At London-based Sona Asset Management, which specialises in investing across the credit spectrum, CIO John Aylward says: “We find there are pockets of the markets where capital remains scarce due to factors such as complexity – and, consequently, premiums can remain high. These less-competed pockets are often only available to more flexible investors who can solve this complexity with bespoke solutions, creating value. The majority of capital in private credit remains constrained in strict lanes – once you step outside these lanes, premiums can move up aggressively.
“We find there is also benefit of being a resident, not a tourist – satellite teams from US firms, who do not have as long a history of investing in Europe, may struggle to understand the multiple ways that idiosyncratic credit stories can unfold with the equivalent speed of European experts.”
The Deloitte data shows that half of all the private debt deals done in Europe in the second quarter of 2022 were unitranche deals, with a further 30 percent being senior loans. PIK deals, mezzanine and stretched senior transactions accounted for 7, 4 and 4 percent of activity respectively, as managers saw an opportunity in more opportunistic strategies.
Eric Capp, partner and head of origination and co-head of direct lending at fund manager Pemberton, says: “Pemberton’s Strategic Credit Fund is finding opportunities to support incomplete syndications and provide financing solutions to high-quality companies and our banking partners where the syndicated market is not open.
“We’re also seeing an uptick in proprietary transactions, where private equity sponsors have acquired in secondary buyouts Pemberton portfolio companies. In these transactions, Pemberton has provided the new LBO financing on a proprietary basis.”
Another developing opportunity, he says, is the growing demand for complex first lien financings; “These are often bespoke transactions where the sponsors are merging multiple founder companies in buy-and-builds and require the flexibility offered by our strategic credit funds.”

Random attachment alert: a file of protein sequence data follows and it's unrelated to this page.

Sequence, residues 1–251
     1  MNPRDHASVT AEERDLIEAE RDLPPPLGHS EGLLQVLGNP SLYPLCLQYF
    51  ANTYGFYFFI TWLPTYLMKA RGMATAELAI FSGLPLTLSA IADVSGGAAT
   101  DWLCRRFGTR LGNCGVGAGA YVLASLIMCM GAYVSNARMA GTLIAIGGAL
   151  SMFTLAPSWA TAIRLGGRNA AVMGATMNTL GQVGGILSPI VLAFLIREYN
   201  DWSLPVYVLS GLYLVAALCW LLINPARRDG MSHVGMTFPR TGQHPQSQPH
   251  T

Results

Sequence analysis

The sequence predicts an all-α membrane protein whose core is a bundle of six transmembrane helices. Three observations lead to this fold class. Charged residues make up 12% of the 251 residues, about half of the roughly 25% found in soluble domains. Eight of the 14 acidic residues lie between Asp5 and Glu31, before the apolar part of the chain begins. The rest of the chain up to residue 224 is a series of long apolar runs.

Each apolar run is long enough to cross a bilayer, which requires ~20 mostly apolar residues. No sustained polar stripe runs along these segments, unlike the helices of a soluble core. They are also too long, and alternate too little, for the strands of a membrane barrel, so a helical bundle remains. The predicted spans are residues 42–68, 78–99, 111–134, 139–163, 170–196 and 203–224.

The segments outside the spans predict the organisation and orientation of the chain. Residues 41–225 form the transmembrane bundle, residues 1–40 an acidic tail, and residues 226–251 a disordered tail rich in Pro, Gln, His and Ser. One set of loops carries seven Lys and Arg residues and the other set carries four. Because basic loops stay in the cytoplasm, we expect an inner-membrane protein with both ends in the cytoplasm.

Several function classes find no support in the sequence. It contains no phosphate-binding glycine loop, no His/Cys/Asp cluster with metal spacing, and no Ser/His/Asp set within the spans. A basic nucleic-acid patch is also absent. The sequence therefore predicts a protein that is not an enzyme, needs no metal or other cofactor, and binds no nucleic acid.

Amyn Pesnani, who heads up Triton Debt Opportunities, the debt arm of European mid-market investment firm Triton Partners, tells a similar story: “As an opportunistic investor, the current freeze in the overall European syndicated and loan markets has created a range of exciting pull-to-par opportunities for us. Mid-market borrowers are struggling to secure financing, so we can step in via opportunistic primaries in addition to secondary markets.”
The second quarter of 2022 was Triton Debt Opportunities’ most active period of capital deployment ever, he says. “Our deal pipeline is strong. Continued market dislocation and stressed balance sheets will only increase the pool of fundamentally sound mid-market businesses experiencing issues.”
Private credit assets tend to benefit from seniority, strong covenant protections, solid equity cushions and the backing of long-term investors, so are well-positioned to weather a recession.
That means that while there are choppy waters ahead for Europe’s debt funds, at the end of H1 2022 the story remains one of opportunity just as much as challenge.
Real estate: ‘It’s a great time to be deploying capital’
The impact that the looming recession might have on portfolios is front of mind.
However, the shift in the cost of capital creates opportunities, according to Natalie Howard, Schroders Capital’s head of real estate debt.
“There are definitely challenges in legacy real estate debt portfolios,” says Howard. “Certain sectors have structural challenges, albeit there can be opportunities here to cherry pick opportunities that others may pass over. At the same time there are the sectors which have been the darlings of the last cycle, and which have been acquired on stretch valuations. The fundamental shift in the cost of capital will challenge many of these business plans. It’s a great time to be deploying capital rather than managing a legacy portfolio.”
She points out that the macro shifts will nevertheless tend to favour private credit: “Banks continue to retrench from the real estate lending markets. Significant market events, such as the global financial crisis and covid, have each marked a step-change in the availability of bank capital. We see this change as structural and exacerbated by each new challenge. The higher rate environment is likely to prove to be the next.”